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Wild fluctuation in foreign policy

Posted March. 11, 2001 18:55,   


President Kim Dae-Jung`s latest trip to Washington showed more than clearly how haphazardly Seoul`s foreign policy, its North Korea policy in particular, is being conducted.

President Kim said he would focus on seeking increased detente on the basis of reviving the now dormant inter-Korean basic agreement of 1992, in lieu of exploring a peace accord or peace declaration when North Korean leader Kim Jong-Il makes his forthcoming visit to Seoul. This was far different from what he told the press a week before his trip to the United States, at which time he suggested that he would look to sign either a peace agreement or a peace declaration with North Korea on concrete concerns, including military matters, when the Northern strongman is here.

Such a reversal of his earlier stance was apparently influenced by Washington`s reluctance to back Seoul`s bid for a peace agreement or a peace declaration by the two Koreas. We might well appreciate the nuanced difference between the two countries on that score, yet it was out of place for the president to have so effortlessly declared his intention without foreseeing or measuring the position of his counterpart, the United States. Pyongyang is still apparently sticking to its policy of seeking a peace treaty with Washington. At this juncture, it was most embarrassing to see the Seoul government broaching a peace agreement or a peace declaration abruptly and then stepping back from this a short time later.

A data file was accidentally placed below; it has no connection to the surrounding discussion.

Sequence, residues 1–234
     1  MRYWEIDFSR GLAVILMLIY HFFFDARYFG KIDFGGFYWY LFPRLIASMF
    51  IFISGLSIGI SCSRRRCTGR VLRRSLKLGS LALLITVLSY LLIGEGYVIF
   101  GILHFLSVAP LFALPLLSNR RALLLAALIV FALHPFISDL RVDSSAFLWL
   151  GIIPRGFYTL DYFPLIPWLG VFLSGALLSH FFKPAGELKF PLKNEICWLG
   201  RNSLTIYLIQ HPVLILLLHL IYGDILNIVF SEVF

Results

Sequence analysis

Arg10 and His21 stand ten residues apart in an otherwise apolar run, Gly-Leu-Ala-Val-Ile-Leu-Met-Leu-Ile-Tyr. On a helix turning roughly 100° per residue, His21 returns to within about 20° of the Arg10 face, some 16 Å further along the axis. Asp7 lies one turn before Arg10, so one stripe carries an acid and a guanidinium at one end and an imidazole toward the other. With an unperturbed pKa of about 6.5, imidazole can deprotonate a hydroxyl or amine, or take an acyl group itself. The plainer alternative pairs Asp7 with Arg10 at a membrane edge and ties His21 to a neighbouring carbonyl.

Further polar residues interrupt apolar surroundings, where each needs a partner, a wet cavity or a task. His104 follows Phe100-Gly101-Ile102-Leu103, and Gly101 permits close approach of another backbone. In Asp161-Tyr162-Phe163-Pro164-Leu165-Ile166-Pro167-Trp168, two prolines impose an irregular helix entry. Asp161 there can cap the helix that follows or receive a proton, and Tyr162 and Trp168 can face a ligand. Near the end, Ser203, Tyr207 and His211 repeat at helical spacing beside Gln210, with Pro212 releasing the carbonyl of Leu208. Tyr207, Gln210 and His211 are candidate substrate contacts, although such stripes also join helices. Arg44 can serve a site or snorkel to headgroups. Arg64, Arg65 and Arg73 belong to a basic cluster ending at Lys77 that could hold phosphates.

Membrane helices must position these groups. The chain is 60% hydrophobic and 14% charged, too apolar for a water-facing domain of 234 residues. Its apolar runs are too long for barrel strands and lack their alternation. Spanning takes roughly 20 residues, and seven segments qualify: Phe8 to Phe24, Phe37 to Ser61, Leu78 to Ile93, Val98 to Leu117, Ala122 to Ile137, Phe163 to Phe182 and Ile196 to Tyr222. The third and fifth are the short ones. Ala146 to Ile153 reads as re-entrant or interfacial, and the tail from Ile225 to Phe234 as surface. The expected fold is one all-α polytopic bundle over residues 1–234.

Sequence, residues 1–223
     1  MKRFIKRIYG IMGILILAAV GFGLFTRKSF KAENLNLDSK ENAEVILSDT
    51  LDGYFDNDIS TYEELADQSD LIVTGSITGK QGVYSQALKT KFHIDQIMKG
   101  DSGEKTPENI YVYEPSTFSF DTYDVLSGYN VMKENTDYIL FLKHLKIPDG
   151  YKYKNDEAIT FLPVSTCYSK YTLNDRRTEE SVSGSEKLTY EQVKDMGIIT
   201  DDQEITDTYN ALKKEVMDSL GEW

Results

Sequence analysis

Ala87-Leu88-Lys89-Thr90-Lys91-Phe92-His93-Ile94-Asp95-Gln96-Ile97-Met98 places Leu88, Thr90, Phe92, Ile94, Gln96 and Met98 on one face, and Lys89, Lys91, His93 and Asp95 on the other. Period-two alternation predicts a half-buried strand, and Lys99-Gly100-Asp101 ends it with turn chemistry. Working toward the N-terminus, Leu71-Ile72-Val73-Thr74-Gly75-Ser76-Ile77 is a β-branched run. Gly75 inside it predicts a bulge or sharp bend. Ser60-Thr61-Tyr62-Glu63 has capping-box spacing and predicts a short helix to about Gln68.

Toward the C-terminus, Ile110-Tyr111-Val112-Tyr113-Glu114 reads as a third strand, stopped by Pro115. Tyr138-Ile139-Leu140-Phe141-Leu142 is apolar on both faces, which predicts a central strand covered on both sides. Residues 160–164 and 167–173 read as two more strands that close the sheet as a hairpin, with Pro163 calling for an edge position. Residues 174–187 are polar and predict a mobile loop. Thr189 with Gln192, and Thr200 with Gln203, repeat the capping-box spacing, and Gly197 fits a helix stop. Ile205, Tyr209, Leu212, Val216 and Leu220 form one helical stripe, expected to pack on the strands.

The same could be said of the controversy over the national missile defense (NMD) system that is being promoted by the United States. Seoul appeared to be leaning toward the negative on the question of the NMD. The Ministry of Foreign Affairs and Trade tried to explain away the government`s concurrence with Russian President Vladimir Putin`s statement of support for the anti-ballistic missile (ABM) treaty by claiming that the wording had been chosen from the standard phraseology accepted by the international community. However, President Kim said in an apologetic tone in the United States that South Korea was not opposed to the NMD plan and that the reference to the ABM treaty would have been better left out of the joint Russo-Korean statement.

To pave the way for the president`s U.S. trip, Foreign Minister Lee Joung-Binn and National Intelligence Service director Lim Dong-Won went all the way to Washington to outline the Seoul government`s North Korea policy and coordinate the stands of the two allies in order to facilitate the upcoming summit talks. The two officials said they had worked closely with policy makers of the Bush administration. But we have to wonder what advance coordination both Lee and Lim achieved.

On no previous occasion has the Korean head of state ever eaten his words and offered apologetic statements in the course of an official tour of a foreign country. No one can be sure whether advance preparations were completely lacking or the Seoul government wrongly thought that the Bush government could be pushed around. Anyway, unquestionably large-scale and absurd mistakes were committed by our side. Appropriate at this juncture would be efforts to take stock of the mistakes and thoroughly account for their consequences.